Though a young woman without a husband was patronized, ignored, and forced to rely on her parents’ income, Burney wanted to remain single to preserve her liberty of mind (Simons 5).  She refused an offer of marriage at age 22 from Mr. Barlow, an eligible suitor, despite encouragement from friends and family.  Burney was “conscious of a tension between the pressures of the conventional world and her own impulses to independence, and she refused to accept many of the social attitudes that were assumed to be automatic for a woman of her class” (Simons 5). 

            In 1773, Burney helped her father transcribe his General History of Music, but she also worked on her first novel in secret, writing at night by candlelight (Simons 8).  Evelina: the history of a young lady’s entrance into the world, as it was called, was submitted by her brother, Charles, disguised as “Mr. King,” for publication by Thomas Lowndes in 1778, when Burney was 26 (Bernstein 32).  The book became an instant hit, and when it was known that shy Fanny Burney was the true author, Burney found herself forced to overcome shyness and face fame.  Her father’s friends, members of the Bluestocking Circle of intellectuals, included Edmund Burke, David Garrick, Dr. Samuel Johnson, and Sir Joshua Reynolds, who all loved the book (Shattock 78).  Mrs. Hester Thrale, a fashionable hostess, became a good friend of Burney’s, and introduced her into the circle of the literary elite (Simons 8).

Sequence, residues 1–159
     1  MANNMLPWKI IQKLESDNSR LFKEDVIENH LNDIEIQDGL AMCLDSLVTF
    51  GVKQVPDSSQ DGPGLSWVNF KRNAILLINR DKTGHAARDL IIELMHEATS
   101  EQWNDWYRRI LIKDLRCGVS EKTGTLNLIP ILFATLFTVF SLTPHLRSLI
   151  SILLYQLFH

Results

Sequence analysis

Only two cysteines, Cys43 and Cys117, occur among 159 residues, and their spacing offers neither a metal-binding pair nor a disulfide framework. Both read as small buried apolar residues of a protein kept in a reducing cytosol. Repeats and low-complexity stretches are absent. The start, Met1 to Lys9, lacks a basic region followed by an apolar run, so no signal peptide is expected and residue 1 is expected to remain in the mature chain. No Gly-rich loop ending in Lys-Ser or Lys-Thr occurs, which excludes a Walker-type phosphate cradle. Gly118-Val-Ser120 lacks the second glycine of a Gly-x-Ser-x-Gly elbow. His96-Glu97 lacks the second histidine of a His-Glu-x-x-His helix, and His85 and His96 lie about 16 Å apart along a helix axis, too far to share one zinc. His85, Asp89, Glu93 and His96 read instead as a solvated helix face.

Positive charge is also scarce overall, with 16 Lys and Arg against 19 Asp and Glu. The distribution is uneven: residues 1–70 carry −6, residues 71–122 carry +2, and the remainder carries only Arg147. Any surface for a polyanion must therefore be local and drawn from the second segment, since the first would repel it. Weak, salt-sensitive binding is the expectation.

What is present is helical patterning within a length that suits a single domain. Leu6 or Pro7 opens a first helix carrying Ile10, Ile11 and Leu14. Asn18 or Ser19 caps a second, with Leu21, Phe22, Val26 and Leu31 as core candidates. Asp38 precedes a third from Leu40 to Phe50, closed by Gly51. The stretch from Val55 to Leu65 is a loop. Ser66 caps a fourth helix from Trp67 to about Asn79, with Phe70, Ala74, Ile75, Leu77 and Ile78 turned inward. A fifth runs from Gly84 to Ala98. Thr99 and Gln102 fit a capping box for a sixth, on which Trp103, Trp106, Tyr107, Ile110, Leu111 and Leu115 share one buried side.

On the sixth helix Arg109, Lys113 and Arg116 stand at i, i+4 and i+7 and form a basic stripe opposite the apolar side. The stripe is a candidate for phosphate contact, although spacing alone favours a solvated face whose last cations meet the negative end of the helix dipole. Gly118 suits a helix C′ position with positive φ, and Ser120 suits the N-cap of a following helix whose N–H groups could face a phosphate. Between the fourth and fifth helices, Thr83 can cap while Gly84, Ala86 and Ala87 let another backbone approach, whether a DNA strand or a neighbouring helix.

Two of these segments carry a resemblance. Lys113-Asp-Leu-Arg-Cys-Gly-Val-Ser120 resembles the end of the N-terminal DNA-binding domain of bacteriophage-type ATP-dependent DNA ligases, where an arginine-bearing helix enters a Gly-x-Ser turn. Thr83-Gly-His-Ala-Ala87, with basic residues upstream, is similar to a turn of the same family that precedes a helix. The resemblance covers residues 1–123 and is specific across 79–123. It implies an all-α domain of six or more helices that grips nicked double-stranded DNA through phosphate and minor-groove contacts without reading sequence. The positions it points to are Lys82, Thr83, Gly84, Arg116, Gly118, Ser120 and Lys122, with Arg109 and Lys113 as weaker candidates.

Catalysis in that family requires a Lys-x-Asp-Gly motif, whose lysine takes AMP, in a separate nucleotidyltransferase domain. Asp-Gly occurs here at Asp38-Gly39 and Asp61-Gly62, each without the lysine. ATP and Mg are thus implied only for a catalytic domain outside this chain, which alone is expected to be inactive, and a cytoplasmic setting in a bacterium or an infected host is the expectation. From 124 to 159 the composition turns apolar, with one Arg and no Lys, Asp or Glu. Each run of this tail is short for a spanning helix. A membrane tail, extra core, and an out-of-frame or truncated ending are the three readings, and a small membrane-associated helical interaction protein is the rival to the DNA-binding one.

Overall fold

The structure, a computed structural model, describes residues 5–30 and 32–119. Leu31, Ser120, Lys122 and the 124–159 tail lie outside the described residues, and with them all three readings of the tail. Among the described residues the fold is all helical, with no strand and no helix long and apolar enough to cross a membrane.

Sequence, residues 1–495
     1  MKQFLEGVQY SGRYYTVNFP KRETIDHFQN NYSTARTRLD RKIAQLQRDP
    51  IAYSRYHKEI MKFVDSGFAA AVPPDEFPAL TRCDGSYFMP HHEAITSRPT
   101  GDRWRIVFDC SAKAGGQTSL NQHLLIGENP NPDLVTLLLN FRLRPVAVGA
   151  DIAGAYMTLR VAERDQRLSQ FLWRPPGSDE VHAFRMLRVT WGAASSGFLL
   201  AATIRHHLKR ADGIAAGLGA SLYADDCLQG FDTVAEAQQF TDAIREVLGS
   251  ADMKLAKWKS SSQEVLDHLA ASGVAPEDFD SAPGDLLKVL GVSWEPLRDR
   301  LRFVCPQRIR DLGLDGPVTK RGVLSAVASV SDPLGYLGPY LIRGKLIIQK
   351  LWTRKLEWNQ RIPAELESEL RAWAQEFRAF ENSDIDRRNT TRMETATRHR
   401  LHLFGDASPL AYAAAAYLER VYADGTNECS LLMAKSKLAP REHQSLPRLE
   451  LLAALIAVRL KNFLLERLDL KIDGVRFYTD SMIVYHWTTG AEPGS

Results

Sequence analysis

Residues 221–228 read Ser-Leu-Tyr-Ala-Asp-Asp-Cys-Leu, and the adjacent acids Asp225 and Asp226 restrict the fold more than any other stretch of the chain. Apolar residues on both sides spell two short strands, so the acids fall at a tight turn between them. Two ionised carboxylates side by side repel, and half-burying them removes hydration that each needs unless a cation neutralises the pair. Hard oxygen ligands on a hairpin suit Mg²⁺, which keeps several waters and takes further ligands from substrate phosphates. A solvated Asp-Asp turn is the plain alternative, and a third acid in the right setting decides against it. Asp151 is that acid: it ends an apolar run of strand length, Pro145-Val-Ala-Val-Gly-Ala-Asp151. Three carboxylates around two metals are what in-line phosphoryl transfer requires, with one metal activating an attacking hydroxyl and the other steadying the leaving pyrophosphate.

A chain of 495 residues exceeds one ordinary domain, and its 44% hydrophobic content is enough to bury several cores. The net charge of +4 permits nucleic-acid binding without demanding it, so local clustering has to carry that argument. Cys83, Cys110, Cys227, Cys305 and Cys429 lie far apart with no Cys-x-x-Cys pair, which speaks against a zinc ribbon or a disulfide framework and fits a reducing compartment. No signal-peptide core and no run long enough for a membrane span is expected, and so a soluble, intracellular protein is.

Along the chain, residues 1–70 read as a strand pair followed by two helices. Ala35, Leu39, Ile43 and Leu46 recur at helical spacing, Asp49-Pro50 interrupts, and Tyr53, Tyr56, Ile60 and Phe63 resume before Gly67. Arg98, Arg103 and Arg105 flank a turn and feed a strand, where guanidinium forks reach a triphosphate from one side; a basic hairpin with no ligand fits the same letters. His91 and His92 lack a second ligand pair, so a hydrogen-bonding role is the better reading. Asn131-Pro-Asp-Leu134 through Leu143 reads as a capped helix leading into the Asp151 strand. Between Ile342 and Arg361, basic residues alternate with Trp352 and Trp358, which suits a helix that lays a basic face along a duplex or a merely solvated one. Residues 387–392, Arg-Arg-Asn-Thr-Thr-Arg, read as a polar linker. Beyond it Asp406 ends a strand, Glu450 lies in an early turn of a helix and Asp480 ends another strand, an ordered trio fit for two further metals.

In 1779, Burney wrote a play, The Witlings, a satiric comedy that attacked the pretensions of scholarly women.  After only one performance, Mr. Crisp and her father demanded she withdraw it from the stage.  They thought it would destroy her image of womanly modesty and gentleness (Simons 9).